Barcelona – La Rambla & Cathedral of Saint Eulalia

Jul 30

Barcelona – La Rambla & Cathedral of Saint Eulalia

Today marks our third day in Barcelona, Spain. We woke up earlier today on account of the immense construction project going on directly behind our building. Unlike the U.S., construction here starts at 8am and ends at 7pm. Let´s just say we would not be happy if construction started at 5am. After a walk through the Mercat de la Boquería for breakfast, we headed out to a Lavandería, about 10 minutes away to get our laundry done. We had hoped it was a “do-it-yourself” kind of place, but it turned out to be more of a dry-cleaners. The lady was very nice and took our dirty clothes, telling us in spanish to return at 6 today for them. At least, that’s what we think she said…

Outside of Cathedral

Once we were relieved of our dirty clothes, we started to walk to the new Apple store in Barcelona to purchase an ipad for me to do blogging so that Ryder can work from his computer when we have down time. On the way to the store, we ran across the Cathedral of Barcelona or Cathedral of Saint Eulalia who is actually entombed below the alter. The cathedral was absolutely breathtaking, intricate, and opulent.

The Cathedral was built on the original site of a 4th Century small church of the old Roman colony Mons Taber. It was destoryed by Almanzor in 985AD. The cathedral was rebuilt in the Romanesque style under King James II of Aragoon in 1298. The cathedral has 26 chapels, a sacrasty, crypte, and a cloister. Throughout the naive can be found groin vaults which were invented by the Romans and became highly influential during the Middle Ages.

The Saint entombed in the cathedral, St. Eulalia, was born around 290 AD during the time of persecutions of christians. Though just 14, Eulalia proclaimed her devout belief in Christ, in public. She was put to torture with Saint Julia and burnt at the stake in Merida. She is now celebrated as Saint Eulalia of Barcelona on February 12th.

Lucky for us, we arrived in the church just as they were opening it up to the public so we were able to make our way to the roof without having to wait in any lines. The view of the city was spectacular. I loved being up among the gargoyles and stained glass windows!

After our time at the cathedral, we headed off to the Apple store only to have ALL of our cards declined when attempting to purchase an iPad for me!!! Ryder attempted to call one company and they put him through the run-around claiming his account is “under investigation,” but not explaining what exactly that means. After trying four or five times, we had to leave to go back to the hostel to charge Ryder’s phone so that it wasn’t dead when the credit card company tried to call him back. After waiting for the phone to charge, we headed back to the laundry to get our clothes. They were ready for us all nice and folded and smelling so fresh! I hugged the bag of laundry with a big “Gracias” to the woman who worked there. She smiled and laughed at how silly I was.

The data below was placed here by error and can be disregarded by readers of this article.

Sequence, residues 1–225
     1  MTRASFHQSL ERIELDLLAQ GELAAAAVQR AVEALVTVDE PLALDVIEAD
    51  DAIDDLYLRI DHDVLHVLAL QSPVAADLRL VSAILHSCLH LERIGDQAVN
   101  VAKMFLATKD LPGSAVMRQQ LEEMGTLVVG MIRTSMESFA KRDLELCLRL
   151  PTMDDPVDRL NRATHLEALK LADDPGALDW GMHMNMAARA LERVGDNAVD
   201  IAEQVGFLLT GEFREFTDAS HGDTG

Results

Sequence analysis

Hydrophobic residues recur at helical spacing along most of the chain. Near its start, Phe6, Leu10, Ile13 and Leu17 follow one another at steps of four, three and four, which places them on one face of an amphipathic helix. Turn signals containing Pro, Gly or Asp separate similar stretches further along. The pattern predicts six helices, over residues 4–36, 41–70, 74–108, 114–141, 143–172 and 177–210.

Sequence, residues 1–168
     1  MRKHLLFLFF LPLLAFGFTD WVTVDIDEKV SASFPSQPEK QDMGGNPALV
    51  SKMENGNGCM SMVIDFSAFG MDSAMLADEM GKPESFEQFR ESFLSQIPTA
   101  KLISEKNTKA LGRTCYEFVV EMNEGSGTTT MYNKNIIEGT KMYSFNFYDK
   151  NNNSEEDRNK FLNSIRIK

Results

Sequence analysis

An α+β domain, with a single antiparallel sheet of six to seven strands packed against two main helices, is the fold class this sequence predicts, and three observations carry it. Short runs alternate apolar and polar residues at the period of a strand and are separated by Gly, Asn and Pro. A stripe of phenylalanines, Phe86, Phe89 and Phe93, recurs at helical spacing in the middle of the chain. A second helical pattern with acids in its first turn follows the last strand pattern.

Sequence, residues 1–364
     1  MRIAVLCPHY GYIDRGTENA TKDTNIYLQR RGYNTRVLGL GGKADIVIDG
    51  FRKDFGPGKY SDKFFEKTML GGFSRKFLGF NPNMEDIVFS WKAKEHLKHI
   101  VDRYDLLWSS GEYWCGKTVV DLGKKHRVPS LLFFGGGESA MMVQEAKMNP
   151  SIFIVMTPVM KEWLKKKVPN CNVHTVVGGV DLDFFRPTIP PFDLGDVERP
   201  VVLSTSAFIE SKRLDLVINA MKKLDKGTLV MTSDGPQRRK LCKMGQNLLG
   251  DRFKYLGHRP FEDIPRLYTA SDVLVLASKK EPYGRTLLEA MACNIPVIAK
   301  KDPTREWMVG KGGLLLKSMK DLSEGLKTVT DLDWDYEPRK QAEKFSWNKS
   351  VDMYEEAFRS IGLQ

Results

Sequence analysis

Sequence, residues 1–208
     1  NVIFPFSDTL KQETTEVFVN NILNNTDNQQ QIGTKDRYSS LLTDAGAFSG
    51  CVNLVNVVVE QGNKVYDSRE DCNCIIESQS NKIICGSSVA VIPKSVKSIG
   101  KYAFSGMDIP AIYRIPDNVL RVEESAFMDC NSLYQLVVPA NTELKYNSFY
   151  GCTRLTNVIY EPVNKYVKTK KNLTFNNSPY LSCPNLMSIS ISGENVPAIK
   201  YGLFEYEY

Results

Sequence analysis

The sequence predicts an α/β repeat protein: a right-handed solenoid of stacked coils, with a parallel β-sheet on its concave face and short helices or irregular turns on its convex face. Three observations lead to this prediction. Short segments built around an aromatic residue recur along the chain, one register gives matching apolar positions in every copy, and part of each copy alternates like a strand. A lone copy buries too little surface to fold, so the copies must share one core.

We spoke with all of our credit card companies to clear up any misunderstandings and were told it was the system at the new Apple store that was causing the problems. Apparently, it was reading all of our cards as fakes which flagged an issue with our companies. We decided to try another electronics store across the street from Apple called FNAC. There we were able to purchase the iPad and a keyboard to go with it!

iPad and keyboard in hand, we strolled back down the La Rambla and stopped for dinner at a small restaurant for some real Spanish Tapas. We ate, drank, and watched some of the olympics on the spanish network. Now we are back and winding down for the night. Tomorrow we plan to visit the Sagrada Familia 🙂

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My Chicken Offends you?!

Jul 28

My Chicken Offends you?!

Today, was a late day. Just like most of them have been so far. This was the first day we saw Barcelona in the daytime. We thought the city was busy at 2am but it was at least twice as busy at 2pm. After waking up at 12 noon, I finally kicked our butts into gear at 1pm and we headed off to explore Barcelona. We were both amazed at the gothic architecture. On almost every street corner on La Rambla, you’ll find beautiful grotesques on four or five story gothic buildings.